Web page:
Review: Asemblance: Oversight
It feels like a century has passed since I first stepped into the strange machinery of Asemblance. One batty artificial intelligence program and four thousand loops later, I was in love with the concept. Memories you can visit and interact with, stored as files in a computer that chaperones your visits and knows what is best for you? The Black Mirror-inspired story set my science fiction loving heart ablaze. All too quickly, though, it was over, and there were no remaining puzzles to be solved. Developer NiLo assured us that there would be another entry, so fans of the intensely community-focused horror settled in for a long wait.
Earlier this month, that wait ended with very little notice. There was an ARG with hints that eventually led to the soundtrack or images from the sequel, and there was an announcement that Oversight would arrive in June 2018. When it finally launched, though, there was merely a post on PlayStation’s website, with the game launching the very next day. It is fitting that Asemblance: Oversight was released similarly to the first entry in the series. While it functions as a standalone game, everything about Oversight feels like coming home.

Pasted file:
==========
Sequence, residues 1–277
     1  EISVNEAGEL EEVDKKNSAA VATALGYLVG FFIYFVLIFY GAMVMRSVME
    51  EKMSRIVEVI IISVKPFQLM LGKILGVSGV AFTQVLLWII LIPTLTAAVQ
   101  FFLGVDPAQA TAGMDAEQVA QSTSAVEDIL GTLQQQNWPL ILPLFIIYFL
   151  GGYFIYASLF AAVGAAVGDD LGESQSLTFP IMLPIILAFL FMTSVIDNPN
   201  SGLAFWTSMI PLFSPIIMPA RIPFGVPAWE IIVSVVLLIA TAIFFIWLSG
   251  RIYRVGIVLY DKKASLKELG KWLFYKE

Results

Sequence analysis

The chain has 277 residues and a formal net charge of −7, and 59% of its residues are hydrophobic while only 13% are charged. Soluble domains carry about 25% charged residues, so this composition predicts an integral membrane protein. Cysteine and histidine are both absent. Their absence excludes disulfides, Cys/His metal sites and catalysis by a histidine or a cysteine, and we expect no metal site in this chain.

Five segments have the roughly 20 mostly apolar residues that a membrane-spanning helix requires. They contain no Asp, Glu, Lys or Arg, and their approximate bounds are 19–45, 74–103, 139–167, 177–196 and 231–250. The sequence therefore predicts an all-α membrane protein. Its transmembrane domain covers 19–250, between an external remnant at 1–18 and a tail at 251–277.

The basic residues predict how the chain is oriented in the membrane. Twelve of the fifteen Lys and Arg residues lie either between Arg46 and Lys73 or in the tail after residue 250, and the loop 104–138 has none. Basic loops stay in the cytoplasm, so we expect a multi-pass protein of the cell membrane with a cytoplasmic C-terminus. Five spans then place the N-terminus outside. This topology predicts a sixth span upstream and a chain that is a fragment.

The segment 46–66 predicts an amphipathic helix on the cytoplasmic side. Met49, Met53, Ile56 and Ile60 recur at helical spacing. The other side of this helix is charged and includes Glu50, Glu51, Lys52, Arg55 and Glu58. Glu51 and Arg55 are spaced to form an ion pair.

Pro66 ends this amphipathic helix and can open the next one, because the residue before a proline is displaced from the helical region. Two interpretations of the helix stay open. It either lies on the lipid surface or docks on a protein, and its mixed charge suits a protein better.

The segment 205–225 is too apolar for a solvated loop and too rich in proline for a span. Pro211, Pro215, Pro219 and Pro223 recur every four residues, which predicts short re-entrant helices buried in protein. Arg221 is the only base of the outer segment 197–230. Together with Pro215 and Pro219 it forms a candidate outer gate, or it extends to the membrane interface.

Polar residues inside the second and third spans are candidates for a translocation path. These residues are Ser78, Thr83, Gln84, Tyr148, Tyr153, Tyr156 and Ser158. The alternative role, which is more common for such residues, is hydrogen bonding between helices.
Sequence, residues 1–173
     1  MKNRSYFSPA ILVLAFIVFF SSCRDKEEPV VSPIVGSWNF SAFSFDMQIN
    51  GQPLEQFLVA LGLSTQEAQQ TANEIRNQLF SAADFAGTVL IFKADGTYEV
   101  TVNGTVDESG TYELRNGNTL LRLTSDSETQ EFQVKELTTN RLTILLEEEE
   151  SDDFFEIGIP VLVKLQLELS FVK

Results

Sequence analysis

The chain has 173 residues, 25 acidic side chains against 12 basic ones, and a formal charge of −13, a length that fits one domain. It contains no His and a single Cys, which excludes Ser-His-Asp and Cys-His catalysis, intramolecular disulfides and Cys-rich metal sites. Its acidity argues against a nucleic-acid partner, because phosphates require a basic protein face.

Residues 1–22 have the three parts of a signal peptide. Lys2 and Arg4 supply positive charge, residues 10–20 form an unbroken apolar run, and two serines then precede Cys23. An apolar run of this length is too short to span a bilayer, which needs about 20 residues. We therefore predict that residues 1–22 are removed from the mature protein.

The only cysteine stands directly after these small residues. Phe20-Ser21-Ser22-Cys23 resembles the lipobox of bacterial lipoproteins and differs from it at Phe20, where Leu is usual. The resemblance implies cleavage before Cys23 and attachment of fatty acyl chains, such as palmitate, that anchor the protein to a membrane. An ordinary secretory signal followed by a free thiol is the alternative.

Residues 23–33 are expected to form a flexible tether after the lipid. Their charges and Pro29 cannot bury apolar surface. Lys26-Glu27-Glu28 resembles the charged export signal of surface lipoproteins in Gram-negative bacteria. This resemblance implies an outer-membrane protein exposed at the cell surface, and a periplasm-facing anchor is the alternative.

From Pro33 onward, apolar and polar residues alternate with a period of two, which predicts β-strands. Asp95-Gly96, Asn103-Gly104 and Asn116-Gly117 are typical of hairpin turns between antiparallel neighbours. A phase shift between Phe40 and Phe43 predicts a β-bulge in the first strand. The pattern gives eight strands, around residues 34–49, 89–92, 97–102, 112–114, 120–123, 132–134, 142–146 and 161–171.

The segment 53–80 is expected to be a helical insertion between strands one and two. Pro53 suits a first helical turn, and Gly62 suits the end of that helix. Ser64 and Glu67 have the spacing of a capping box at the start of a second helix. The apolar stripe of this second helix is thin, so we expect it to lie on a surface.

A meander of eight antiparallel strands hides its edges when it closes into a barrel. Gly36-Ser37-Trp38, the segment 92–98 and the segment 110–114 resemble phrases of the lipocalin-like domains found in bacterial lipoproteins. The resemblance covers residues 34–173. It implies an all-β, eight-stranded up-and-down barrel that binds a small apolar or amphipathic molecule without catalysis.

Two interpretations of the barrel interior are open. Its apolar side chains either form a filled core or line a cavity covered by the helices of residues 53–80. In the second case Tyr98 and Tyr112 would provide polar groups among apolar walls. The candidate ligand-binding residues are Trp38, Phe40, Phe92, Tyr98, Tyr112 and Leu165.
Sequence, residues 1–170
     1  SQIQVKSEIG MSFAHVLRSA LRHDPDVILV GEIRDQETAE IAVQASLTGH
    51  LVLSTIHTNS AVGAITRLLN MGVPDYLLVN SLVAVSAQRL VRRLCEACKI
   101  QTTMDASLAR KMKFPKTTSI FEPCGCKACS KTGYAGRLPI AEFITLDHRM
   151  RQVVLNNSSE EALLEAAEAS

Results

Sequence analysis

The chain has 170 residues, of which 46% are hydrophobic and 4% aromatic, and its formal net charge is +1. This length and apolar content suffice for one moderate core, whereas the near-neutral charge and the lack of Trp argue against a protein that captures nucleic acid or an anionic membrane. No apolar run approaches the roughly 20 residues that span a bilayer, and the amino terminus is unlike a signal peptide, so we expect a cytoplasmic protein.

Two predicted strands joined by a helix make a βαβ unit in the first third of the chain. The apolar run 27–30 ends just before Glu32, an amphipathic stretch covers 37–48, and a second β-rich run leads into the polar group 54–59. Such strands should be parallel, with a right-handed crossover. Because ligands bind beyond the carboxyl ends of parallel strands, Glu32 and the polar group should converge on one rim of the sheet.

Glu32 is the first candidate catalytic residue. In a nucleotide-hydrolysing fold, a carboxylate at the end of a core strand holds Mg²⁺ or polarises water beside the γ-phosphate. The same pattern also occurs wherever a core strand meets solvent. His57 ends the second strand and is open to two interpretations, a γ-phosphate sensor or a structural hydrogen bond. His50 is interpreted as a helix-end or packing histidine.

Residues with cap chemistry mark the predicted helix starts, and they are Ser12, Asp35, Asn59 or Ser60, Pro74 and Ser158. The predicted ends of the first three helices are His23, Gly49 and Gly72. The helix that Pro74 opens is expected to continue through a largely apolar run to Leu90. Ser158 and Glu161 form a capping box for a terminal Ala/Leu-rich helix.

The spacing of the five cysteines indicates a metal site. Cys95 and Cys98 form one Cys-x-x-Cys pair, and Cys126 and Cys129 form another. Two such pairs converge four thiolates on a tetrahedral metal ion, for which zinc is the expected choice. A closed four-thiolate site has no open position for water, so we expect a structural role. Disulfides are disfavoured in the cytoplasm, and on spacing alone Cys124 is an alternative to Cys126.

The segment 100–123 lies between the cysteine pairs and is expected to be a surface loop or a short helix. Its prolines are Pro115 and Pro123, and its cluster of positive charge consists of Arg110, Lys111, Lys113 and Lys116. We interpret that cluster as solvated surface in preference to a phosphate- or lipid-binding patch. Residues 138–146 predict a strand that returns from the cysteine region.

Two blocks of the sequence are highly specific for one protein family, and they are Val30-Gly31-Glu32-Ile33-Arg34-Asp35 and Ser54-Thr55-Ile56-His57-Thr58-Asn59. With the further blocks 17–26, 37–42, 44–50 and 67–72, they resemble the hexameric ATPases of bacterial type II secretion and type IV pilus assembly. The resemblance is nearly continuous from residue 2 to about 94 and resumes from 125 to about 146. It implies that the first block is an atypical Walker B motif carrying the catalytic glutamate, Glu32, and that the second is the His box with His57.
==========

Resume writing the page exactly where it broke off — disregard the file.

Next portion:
First things first — the mechanics of Asemblance: Oversight are exact the same as those of Asemblance. Players who spent time in the first game will be able to instantly pick up the controls, though they are not so complicated that new players are at any disadvantage. As with the first game, there is no combat. The infinite loop is there, as well, along with a few subtle treats for returning players. One could easily play the games back to back and feel that they were two chapters in the same book, with the minor issue of entirely different underlying themes.
In Asemblance: Oversight, players join a newly voiced AI system in a state of disrepair, acting as a comrade in the search for the truth. Before finding the answers, players must first discover the question, as no context is provided at the outset. Instead, the first few trips into emerging memory sequences are spent trying to figure out what “Management” doesn’t want you to know. These answers reside in the ensuing shifts through time and reality, but others quickly arise to take their place. As with the first game, Asemblance: Oversight leaves a fair handful of loose ends, though this time it seems that they might be guiding players to join the ARG.